Washington, D.C. — April 12
Despite rising costs, a majority of U.S. workers say they are very satisfied with their employer-provided health care benefits.
Further, most workers consider the health plan to be their most important benefit, and they have little interest in
purchasing coverage on their own.
These are among the major findings in a nationwide survey of U.S. workers released by the National Business Group on Health, a nonprofit association of 266 large U.S.
Harry Spencer, chairman of the board of directors of the National Business Group on Health and Time Warner vice president for global benefits, said the survey of 1,619 workers at large U.S. employers also revealed employees are generally unwilling to reduce their health benefits to increase other benefits such as a retirement savings plan.
Most surveyed employees support the idea of charging smokers more for their health coverage, although fewer workers favor increasing costs for obese employees.
“Overall, no aspect of a job is more important to workers of large companies than having good benefits,” said Helen Darling, National Business Group on Health president. “And, our survey results clearly show that the benefit most important for most workers is the health plan.”
According to the survey, two in three respondents (67 percent) consider their health plan to be excellent or very good. An even greater number (75 percent) value the health plan as the most important benefit versus 14 percent who consider a retirement savings plan to be most important.
Workers also place high value on having a health plan that is easy to manage, allows freedom to choose doctors and limits their cost when they visit a doctor or get a prescription — at least six in 10 employees consider
these to be very important.
Fewer than four in 10 consider having a plan that covers serious illness rather than routine care or offering incentives for healthy lifestyles to be very important.
Surveyed employees feel strongly about potential trade-offs or changes that might involve their health care benefits and total compensation packages.
Respondents generally are opposed to purchasing their own coverage or changes in health benefits tax policy:
- Employees generally are split between preferring low medical co-payments or low premiums. More than half of employees, however, would accept fewer plan choices to keep their health premium costs low.
- About three in four employees would prefer to get health
- benefits through their employer rather than getting additional salary to purchase their own.
- More than half (57 percent) are at least somewhat opposed to having the employer contribution to their health plan premium treated as taxable income.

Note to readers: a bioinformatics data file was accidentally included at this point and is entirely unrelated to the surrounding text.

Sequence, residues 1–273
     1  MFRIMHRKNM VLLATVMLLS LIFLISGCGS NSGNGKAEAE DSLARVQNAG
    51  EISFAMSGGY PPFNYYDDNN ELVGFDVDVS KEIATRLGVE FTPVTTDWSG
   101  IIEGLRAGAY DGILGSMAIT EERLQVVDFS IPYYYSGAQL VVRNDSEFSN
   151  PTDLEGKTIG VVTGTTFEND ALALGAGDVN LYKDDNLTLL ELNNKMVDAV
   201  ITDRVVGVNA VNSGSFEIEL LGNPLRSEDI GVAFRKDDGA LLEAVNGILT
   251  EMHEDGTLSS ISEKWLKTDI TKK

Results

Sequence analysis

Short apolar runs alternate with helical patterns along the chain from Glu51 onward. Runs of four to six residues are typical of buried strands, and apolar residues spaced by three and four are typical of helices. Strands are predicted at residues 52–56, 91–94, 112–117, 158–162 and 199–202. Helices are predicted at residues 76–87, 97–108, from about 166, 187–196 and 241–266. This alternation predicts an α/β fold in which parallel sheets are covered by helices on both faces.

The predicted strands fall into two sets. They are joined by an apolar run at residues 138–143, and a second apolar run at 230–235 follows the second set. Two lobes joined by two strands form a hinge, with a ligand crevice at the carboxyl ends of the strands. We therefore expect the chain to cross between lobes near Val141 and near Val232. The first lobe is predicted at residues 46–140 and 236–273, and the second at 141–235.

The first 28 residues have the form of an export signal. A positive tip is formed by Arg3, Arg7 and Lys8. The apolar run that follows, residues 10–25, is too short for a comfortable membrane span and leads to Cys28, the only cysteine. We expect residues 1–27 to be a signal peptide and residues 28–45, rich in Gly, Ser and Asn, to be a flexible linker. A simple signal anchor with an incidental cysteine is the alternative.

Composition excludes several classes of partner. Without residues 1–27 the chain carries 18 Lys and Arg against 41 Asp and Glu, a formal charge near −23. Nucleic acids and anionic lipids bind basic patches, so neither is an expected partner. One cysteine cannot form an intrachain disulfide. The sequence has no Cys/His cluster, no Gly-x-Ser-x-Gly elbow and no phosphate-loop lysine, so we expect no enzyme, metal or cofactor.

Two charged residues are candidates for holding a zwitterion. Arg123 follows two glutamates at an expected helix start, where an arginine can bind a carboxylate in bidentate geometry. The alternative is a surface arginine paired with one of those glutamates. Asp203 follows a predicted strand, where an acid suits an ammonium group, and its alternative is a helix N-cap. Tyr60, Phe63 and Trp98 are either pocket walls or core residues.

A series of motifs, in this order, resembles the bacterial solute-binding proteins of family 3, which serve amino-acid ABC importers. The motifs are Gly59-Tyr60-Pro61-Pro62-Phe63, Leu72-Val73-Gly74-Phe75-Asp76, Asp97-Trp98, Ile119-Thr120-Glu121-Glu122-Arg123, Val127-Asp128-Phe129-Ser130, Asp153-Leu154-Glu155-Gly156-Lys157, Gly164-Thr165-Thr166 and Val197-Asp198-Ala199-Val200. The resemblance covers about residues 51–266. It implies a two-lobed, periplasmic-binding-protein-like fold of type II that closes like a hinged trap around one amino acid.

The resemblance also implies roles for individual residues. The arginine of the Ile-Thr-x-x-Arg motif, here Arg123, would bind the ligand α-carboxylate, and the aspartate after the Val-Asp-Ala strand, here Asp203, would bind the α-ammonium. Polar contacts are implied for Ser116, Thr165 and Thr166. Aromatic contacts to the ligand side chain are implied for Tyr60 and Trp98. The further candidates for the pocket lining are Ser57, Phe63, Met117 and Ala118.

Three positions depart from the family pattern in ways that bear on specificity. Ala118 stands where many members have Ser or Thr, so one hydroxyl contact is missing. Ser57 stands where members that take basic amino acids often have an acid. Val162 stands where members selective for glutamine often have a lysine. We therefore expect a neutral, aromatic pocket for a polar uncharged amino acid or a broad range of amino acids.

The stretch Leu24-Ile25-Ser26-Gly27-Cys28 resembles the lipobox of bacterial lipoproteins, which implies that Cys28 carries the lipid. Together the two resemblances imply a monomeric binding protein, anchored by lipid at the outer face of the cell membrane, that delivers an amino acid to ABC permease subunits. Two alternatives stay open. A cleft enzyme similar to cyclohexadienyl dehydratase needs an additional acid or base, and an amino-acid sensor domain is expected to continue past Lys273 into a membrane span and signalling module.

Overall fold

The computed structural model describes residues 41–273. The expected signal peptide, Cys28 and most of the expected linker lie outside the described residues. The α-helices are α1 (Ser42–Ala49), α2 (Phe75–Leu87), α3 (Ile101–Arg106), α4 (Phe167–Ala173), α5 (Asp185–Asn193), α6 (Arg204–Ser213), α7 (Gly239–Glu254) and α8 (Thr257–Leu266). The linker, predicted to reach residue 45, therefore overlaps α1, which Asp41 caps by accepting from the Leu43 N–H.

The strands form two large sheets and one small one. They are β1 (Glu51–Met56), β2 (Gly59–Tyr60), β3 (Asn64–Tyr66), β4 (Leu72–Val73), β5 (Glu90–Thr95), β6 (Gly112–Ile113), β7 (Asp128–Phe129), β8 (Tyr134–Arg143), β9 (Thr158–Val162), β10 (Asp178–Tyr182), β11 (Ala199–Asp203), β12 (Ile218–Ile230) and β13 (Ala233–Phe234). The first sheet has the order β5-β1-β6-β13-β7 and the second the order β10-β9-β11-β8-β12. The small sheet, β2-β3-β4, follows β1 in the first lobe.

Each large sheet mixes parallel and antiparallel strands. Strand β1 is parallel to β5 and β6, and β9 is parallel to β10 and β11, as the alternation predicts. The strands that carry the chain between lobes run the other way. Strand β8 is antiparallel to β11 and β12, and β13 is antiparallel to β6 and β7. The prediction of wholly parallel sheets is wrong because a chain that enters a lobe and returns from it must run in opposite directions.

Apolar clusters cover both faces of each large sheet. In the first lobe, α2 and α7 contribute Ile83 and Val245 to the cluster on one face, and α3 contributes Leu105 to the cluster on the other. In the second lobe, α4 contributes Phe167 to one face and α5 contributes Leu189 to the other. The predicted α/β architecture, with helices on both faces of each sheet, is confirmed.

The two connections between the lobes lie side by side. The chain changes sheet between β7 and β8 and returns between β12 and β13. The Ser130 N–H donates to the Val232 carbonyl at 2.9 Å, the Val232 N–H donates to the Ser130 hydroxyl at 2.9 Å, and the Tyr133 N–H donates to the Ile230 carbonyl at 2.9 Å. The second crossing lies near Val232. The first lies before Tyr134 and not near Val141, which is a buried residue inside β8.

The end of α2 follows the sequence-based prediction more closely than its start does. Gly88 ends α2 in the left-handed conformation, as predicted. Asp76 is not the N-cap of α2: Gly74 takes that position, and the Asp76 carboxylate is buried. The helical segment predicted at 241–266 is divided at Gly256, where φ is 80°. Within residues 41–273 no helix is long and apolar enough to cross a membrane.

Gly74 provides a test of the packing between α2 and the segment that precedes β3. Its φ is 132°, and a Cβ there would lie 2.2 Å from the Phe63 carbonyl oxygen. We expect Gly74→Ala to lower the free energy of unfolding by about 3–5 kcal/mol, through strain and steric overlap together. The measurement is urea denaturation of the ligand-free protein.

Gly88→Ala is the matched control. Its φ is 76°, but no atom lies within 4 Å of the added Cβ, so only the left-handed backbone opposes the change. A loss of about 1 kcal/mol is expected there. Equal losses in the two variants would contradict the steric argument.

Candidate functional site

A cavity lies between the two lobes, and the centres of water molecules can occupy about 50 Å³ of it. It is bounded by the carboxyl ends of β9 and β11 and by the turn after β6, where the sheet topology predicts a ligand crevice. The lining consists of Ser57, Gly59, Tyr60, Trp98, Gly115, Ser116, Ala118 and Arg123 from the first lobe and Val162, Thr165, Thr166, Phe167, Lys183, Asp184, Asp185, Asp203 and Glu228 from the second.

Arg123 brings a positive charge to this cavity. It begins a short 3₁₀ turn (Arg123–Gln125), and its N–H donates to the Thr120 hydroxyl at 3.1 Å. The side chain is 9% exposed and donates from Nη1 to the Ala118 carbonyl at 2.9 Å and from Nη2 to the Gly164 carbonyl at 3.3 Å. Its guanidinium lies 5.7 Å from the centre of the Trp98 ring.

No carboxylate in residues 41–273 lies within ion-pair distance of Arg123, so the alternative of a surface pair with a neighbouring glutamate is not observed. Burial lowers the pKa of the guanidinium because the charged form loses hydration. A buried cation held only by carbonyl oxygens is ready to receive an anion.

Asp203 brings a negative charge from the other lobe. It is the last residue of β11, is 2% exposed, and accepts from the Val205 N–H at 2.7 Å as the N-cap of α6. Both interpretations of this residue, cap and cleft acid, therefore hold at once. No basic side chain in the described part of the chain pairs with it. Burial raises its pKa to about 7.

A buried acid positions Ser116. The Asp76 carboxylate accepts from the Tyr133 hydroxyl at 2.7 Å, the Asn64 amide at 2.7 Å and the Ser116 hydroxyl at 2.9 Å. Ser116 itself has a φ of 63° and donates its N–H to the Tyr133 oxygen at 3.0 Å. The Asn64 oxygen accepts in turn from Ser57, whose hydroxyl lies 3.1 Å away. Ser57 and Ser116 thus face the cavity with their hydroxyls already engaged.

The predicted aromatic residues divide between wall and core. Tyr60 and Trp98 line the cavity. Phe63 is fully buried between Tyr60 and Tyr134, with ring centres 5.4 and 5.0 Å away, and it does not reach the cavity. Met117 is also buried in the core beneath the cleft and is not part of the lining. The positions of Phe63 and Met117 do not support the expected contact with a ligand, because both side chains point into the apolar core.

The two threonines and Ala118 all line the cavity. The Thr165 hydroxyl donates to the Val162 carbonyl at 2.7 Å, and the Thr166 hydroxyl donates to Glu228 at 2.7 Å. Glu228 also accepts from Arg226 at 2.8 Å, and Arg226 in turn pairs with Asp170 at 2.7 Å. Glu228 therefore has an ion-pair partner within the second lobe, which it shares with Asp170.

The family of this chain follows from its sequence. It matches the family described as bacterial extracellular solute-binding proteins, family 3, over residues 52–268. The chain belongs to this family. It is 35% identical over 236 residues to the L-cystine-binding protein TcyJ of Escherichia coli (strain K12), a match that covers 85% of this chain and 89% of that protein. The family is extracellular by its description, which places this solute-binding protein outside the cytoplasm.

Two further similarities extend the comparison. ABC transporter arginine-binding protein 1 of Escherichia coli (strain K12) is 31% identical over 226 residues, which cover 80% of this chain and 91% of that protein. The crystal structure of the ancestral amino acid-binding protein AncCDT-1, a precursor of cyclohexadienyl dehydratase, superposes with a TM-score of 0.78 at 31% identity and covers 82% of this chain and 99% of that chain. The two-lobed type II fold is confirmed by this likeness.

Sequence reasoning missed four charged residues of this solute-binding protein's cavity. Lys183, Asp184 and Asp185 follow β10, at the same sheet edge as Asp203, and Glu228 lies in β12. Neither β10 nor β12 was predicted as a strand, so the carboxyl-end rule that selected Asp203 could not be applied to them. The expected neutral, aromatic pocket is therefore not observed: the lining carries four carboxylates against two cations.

- About six in 10 workers are not too willing to reduce their
- health benefits to improve their retirement benefits or vice versa.
- Most employees (83 percent) would rather see their salary or retirement benefit reduced rather than health benefits if their employer need to reduce total compensation.
“The fact that so many employees are opposed to giving up any aspect of their health benefits, even in return for an improvement in other benefits, speaks volumes as to just how important they are from a worker and employer perspective,” Darling said. “As the labor market tightens,
employers will need to place an increased emphasis on their health benefits if they want to be able to compete for talented workers.”
At least seven in 10 workers consider their health plan to be excellent or very good at providing easy access to providers and covering a wide range of services, while two in three say their plan provides a sense of security that they will be able to afford good health care.
Most employees (65 percent) feel their health coverage has remained the same over the past three years, although six in 10 say their costs have increased.
The survey also found mixed support for charging smokers and obese employees more for health coverage.About two in three (65 percent) favor charging smokers more, and one in four oppose the idea.
The support for a higher premium doesn’t change when participation in a smoking-cessation program is taken into account.
Meanwhile, more than half (51 percent) oppose an increase in costs for obese employees.
“Providing cost-effective, high-quality health care benefits to workers and their families is one of the greatest challenges that corporate America is facing,” Darling said. “Employers are spending millions and millions of dollars to provide health care benefits, and we hope the
results of this survey will give them valuable insight from employees and help them develop and design programs that best meet their overall needs.”